Thursday, 17 September 2015

Capital III, Chapter 15 - Part 8

This is also a problem that has to be resolved by post-capitalist societies. The USSR was renowned for having put lots of social labour-time into the development of means of production and not enough into means of consumption, so that workers presented the rouble tokens of labour-time they had contributed, only to find that the shops had insufficient consumer goods for them to purchase. Likewise, unless the means of production are developed adequately, so that each worker's labour is sufficiently productive, large numbers of workers may have a claim on society's output, but the level of that output is insufficient, in terms of quantities of use values, to meet all of their claims upon it. That was another problem faced in the Stalinist economies where there was large scale underemployment.

Understanding these underlying value relations, in terms of the allocation of the total social labour-time, free from the obscuring effects of money, is vital for understanding the issues Marx deals with in this chapter, of overproduction of capital, and the squeeze on profits caused by a rising demand for labour-power and rising wages. But, at the same time, its important to understand the reasons why these kinds of crisis do not affect pre-capitalist economies, even where that potential exists, as a result of commodity production and exchange. The reasons essentially come down to the question of scale, which is why post-capitalist economies, such as that in the USSR, can also suffer from crises of overproduction and disproportion, and for capitalism, the fact that production is undertaken for the purpose of creating surplus value, not to meet social need.

“And the capitalist process of production consists essentially of the production of surplus-value, represented in the surplus-product or that aliquot portion of the produced commodities materialising unpaid labour. It must never be forgotten that the production of this surplus-value — and the reconversion of a portion of it into capital, or the accumulation, forms an integrate part of this production of surplus-value — is the immediate purpose and compelling motive of capitalist production. It will never do, therefore, to represent capitalist production as something which it is not, namely as production whose immediate purpose is enjoyment or the manufacture of the means of enjoyment for the capitalist. This would be overlooking its specific character, which is revealed in all its inner essence.” (p 243-4)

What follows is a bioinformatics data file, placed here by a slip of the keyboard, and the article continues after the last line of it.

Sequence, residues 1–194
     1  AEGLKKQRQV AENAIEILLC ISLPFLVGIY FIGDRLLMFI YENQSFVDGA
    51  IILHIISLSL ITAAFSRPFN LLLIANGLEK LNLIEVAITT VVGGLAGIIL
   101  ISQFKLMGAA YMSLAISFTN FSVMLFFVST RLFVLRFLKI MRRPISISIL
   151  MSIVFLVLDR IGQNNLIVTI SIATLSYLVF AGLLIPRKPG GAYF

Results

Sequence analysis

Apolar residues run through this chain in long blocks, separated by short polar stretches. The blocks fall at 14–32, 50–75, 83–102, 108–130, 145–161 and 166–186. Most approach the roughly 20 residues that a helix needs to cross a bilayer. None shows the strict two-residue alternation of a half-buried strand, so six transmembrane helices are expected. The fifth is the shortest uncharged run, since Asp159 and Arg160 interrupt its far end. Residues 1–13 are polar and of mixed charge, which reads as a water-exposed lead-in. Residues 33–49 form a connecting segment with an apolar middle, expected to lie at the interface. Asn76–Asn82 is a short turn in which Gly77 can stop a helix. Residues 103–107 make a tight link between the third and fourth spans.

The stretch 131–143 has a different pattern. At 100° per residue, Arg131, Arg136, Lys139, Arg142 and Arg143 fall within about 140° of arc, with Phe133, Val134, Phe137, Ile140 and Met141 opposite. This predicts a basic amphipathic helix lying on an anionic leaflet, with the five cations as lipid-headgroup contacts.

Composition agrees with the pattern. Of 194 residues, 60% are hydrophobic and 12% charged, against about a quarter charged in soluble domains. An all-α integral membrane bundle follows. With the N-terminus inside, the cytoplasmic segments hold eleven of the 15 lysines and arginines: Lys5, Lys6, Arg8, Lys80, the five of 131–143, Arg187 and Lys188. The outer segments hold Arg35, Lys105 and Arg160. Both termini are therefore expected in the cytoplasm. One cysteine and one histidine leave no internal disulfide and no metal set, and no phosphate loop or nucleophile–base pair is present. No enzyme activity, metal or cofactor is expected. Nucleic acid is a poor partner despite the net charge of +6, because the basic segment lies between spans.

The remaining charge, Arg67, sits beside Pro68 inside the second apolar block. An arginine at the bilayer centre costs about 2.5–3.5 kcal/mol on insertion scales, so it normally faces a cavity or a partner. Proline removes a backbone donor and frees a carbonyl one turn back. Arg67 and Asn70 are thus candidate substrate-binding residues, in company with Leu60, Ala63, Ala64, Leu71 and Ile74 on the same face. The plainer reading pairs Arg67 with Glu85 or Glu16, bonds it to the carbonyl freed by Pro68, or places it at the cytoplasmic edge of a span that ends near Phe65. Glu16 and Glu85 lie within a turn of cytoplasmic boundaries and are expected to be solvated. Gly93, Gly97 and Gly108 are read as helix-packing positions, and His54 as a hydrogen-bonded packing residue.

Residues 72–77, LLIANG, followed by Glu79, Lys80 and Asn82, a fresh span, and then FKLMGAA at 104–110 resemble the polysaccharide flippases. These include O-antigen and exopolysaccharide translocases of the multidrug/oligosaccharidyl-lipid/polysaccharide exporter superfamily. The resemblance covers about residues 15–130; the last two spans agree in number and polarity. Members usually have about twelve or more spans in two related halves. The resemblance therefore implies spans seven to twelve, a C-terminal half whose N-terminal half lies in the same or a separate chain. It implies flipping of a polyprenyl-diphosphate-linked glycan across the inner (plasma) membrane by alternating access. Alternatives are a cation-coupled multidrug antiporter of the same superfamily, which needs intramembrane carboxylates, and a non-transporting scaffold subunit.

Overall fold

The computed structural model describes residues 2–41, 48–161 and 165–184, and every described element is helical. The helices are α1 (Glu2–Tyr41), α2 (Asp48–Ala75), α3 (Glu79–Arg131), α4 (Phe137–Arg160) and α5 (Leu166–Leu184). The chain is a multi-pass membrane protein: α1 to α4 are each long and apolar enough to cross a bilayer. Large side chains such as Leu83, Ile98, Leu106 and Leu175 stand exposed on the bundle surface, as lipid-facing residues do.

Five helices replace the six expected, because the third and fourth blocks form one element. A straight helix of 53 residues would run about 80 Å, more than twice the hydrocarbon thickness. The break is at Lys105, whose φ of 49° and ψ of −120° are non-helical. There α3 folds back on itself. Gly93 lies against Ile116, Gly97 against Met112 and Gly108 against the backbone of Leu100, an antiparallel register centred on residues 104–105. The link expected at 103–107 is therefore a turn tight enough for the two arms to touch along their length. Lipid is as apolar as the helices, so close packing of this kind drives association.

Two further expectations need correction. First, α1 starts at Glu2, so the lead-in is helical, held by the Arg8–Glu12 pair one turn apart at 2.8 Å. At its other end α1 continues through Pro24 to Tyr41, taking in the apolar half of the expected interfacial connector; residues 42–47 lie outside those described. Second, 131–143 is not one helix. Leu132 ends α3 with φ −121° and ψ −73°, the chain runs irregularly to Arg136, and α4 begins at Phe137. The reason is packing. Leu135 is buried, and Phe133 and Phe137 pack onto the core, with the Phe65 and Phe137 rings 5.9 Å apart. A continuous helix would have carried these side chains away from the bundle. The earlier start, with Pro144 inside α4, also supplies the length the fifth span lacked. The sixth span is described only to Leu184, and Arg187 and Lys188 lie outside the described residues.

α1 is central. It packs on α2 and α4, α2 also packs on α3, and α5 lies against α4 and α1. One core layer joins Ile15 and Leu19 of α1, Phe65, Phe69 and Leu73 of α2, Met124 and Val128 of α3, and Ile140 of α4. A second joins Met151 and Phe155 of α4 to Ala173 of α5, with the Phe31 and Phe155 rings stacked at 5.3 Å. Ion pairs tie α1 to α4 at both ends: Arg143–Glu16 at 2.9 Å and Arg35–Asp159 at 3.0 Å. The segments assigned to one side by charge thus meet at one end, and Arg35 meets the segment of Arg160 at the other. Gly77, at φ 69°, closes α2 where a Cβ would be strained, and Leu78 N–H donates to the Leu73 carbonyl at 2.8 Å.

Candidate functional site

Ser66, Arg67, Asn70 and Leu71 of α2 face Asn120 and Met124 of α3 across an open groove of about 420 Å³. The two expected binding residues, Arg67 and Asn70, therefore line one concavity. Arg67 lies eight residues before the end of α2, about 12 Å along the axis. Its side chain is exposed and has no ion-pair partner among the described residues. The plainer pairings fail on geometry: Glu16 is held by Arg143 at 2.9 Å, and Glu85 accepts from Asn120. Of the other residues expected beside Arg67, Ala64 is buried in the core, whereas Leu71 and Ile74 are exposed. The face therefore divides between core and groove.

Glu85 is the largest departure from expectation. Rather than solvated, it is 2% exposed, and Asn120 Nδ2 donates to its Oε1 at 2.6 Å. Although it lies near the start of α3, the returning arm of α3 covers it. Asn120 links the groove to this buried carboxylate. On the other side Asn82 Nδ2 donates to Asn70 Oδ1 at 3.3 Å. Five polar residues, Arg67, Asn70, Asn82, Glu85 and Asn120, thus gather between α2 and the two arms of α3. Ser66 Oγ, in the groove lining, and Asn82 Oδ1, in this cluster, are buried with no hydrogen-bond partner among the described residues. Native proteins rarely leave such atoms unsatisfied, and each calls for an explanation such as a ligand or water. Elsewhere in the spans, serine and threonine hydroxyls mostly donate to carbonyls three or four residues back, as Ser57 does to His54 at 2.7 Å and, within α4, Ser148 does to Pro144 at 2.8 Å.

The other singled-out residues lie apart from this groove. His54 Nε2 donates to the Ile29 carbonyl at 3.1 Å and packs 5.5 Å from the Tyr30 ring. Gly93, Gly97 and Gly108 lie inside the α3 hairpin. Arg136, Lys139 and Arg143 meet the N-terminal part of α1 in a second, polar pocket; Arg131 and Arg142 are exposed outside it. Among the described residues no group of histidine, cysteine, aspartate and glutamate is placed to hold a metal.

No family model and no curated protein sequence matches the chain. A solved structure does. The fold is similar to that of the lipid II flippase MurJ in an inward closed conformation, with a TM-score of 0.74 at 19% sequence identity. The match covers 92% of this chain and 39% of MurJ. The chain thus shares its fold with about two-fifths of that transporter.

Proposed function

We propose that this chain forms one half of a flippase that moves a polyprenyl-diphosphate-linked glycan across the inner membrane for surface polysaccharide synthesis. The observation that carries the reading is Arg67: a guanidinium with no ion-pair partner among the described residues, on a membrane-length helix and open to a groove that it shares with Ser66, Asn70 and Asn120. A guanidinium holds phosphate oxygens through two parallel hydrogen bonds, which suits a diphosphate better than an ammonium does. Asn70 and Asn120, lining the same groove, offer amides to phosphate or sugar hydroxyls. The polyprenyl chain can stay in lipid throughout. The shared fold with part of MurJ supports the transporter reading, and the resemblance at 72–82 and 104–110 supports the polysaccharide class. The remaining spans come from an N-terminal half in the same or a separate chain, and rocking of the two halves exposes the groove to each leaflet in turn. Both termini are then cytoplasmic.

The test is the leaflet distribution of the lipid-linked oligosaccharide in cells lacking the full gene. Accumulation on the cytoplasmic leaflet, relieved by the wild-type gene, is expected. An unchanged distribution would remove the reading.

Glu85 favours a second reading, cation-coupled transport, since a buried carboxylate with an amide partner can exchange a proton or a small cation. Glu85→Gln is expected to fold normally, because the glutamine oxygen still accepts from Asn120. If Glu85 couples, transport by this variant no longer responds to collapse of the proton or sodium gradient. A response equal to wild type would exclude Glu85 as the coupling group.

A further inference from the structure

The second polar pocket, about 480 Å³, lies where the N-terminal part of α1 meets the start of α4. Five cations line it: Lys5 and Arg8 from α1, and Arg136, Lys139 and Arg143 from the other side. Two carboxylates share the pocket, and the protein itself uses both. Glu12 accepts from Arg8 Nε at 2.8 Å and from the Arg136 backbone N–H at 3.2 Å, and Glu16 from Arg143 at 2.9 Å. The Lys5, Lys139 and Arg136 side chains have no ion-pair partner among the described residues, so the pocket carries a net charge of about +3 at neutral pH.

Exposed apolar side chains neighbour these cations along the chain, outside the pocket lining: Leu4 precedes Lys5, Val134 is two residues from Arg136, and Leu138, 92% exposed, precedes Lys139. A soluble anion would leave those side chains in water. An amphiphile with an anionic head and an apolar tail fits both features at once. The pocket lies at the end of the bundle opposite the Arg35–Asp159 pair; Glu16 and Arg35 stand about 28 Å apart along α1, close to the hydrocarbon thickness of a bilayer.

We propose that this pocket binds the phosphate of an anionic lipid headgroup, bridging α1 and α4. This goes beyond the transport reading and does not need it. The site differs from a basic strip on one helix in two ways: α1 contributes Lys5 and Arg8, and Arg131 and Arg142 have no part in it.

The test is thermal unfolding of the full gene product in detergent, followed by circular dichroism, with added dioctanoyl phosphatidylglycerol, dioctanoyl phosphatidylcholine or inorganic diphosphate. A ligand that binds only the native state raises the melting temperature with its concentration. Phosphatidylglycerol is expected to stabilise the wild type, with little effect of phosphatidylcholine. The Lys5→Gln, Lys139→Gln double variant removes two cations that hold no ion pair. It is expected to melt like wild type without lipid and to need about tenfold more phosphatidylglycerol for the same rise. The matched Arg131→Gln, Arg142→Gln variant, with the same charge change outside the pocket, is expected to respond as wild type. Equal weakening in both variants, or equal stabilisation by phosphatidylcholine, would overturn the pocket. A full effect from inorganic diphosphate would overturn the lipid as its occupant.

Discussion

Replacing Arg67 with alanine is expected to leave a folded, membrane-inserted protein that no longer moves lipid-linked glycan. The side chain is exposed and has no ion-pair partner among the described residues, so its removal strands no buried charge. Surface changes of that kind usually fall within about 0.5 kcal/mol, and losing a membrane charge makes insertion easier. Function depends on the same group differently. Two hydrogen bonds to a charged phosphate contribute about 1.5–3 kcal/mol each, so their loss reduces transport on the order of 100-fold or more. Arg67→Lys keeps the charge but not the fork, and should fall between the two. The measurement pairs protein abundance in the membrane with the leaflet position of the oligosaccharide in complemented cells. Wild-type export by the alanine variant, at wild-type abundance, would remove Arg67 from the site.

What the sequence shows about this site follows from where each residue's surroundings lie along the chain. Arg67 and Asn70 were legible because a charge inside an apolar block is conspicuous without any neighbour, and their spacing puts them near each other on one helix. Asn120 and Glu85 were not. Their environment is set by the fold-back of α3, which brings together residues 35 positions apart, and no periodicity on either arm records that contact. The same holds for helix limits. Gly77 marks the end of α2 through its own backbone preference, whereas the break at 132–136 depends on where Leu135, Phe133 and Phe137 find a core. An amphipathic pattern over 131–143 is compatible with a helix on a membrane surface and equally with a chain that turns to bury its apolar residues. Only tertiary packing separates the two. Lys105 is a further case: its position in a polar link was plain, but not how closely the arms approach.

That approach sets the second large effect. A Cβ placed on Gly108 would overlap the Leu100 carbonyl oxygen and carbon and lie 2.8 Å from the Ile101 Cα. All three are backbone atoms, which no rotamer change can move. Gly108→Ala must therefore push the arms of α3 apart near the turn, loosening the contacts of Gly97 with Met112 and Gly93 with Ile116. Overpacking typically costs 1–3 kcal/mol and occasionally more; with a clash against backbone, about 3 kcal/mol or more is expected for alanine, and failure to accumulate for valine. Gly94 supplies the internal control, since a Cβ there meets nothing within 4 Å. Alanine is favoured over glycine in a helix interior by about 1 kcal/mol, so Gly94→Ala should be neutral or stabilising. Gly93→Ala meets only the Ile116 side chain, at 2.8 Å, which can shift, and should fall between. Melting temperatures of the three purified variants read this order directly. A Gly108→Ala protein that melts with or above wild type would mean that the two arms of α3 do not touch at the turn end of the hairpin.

This latter comment by Marx, and he makes the same point elsewhere, is the answer to those who believe that the overproduction of capital, in the form of commodity-capital, can be resolved simply by the capitalists increasing their own consumption, either in the form of the consumption of luxuries, or in the form of state spending on arms etc. as proposed in the Permanent Arms Economy thesis.

In fact, as Marx says, in Theories of Surplus Value III, it is high rates of profit that are the real basis of overproduction. Marx quotes Ricardo,

“...I can only answer, that glut […] is synonymous with high profits…” (op. cit., p. 59).”

Marx comments,

“This is indeed the secret basis of glut.” (p 121)

“The creation of this surplus-value makes up the direct process of production, which, as we have said, has no other limits but those mentioned above.” (p 244)

That is that there must exist the necessary means of production for the available workforce to use in such a way as to maintain and replace the means of production, to replenish society's consumption fund, and still be able to produce enough, over and above that, to constitute a social surplus. Likewise, there must exist a sufficient workforce – in terms of quantity and quality – to fully utilise those means of production, to achieve that end.

If there are insufficient means of production, either workers will be unemployed, or else under-employed so that their labour-power is not as productive as it should be. If there are not enough workers to put the available means of production to work, those means of production will be left idle, or under used, and will depreciate as a result. The society will not produce all of the output it could have done.

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